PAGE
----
We can summarise these rules -as the doctrine of precedent (or, to use lawyers language, the doctrine of stare decisis). A later judge will have to determine (i) what pronouncements from earlier decisions are binding and (ii) whether any is relevant - the later judge may say that the case before the court is "distinguishable" from the earlier case (i.e. has materially different facts so as to fall within different areas of law).
Precedent has a very important role in the common law. It ensures certainty and consistency and logical progression and development in the law. At the same time it can be rigid and also complex - what is "the law" on a subject may be very difficult to find or to state as it is spread across many cases. So, many countries (especially in Continental Europe) prefer a codified system in which laws are set out in legislation and cases which apply them may be illustrative but do not become binding. The law is also easier to find and to state and is rationally prospective rather than based on the chance event of litigation, which may give rise to laws based on extreme or unusual situations or unevenly argued cases. For example, here is the offence of murder in US Federal Law. By contrast, the law of murder in England is contained in several cases, and even having read them there may be room for doubt. As for English law, the classic definition of murder is considered to be that given by Lord Chief Justice Coke who (writing in the early seventeenth century) said:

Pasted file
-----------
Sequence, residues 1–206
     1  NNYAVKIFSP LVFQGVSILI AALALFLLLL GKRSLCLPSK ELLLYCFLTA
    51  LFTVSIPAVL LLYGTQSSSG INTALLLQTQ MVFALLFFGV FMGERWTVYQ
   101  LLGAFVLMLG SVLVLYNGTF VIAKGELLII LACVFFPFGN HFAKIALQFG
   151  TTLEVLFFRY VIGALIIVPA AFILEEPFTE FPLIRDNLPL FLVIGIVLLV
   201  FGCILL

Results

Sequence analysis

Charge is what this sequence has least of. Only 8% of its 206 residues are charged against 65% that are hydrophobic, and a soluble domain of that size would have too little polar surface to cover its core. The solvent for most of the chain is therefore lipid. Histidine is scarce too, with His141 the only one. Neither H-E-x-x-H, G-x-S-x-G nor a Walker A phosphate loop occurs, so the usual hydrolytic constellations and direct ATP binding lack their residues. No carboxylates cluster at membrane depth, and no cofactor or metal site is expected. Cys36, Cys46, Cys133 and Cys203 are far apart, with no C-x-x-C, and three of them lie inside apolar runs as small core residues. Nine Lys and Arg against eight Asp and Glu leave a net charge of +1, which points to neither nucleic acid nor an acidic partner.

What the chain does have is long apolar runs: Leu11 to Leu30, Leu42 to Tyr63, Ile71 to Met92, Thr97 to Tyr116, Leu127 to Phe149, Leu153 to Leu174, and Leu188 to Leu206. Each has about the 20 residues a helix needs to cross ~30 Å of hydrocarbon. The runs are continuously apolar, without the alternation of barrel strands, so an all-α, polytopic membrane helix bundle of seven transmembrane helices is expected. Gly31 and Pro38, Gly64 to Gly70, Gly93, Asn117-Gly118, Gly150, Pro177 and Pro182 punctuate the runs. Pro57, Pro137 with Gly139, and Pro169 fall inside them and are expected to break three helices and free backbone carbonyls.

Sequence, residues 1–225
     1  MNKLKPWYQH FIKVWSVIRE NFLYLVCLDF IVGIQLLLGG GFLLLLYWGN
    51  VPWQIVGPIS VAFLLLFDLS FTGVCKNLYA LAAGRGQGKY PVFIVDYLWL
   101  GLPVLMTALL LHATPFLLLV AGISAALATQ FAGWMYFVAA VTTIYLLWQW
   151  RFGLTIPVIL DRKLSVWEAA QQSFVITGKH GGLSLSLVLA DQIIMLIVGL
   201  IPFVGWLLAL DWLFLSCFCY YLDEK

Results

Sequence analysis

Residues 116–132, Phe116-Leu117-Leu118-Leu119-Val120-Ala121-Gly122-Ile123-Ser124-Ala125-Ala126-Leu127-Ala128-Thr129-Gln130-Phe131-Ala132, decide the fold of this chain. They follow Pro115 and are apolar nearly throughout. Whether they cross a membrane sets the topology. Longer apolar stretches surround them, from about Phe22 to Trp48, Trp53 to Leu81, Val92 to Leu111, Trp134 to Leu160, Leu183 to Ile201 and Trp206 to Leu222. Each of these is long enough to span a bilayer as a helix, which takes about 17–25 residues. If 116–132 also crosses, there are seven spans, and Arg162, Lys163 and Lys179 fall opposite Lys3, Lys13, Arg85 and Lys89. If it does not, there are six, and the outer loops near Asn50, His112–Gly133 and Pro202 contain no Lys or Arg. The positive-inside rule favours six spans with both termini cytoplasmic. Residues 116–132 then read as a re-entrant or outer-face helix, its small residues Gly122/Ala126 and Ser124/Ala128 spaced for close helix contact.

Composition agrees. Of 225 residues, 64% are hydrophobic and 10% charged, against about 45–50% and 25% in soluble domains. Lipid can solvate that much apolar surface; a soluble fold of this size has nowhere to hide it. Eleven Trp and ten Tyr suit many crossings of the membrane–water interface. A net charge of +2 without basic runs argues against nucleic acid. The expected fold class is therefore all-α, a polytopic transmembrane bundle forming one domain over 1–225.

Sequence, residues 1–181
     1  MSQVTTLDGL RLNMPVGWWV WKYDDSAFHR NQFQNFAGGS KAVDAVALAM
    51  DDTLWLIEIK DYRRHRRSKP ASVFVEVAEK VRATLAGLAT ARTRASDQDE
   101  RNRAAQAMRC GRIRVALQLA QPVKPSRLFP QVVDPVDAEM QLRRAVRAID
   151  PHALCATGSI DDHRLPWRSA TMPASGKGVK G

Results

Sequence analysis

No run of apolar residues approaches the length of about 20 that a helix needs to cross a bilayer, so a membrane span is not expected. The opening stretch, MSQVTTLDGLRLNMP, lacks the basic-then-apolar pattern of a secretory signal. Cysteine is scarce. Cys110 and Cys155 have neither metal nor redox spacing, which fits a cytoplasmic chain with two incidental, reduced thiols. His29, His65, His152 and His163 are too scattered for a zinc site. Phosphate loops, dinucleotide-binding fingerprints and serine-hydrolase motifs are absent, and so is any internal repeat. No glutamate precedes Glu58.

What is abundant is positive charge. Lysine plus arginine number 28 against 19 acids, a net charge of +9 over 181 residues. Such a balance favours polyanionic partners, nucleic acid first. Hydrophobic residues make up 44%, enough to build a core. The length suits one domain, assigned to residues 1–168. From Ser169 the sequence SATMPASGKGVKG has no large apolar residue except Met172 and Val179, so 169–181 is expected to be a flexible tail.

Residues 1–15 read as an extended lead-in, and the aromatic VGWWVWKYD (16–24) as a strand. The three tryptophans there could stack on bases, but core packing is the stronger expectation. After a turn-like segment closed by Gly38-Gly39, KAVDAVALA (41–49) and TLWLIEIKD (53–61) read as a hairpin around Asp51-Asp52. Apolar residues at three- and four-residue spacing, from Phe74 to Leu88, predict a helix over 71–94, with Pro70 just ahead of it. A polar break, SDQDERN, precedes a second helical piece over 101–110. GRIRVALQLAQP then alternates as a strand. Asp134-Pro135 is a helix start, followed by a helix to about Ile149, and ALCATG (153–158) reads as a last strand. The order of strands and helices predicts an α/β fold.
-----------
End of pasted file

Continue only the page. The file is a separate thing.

"Murder is when a man of sound memoryand of the age of discretion, unlawfully killeth within any county of the realm any reasonable creature in rerum natura under the King's peace, with malice aforthought , either expressed by the party or implied by law, so as the party wo, or hurt etc. die of the wound or hurt etc.within a year and a day of the same."
Can you put this statement in modern language?
1 Some of these elements of the offence have since been changed. For example, what was called the year and a day rule was abolished by the Law Reform (Year and a Day Rule) Act 1996 .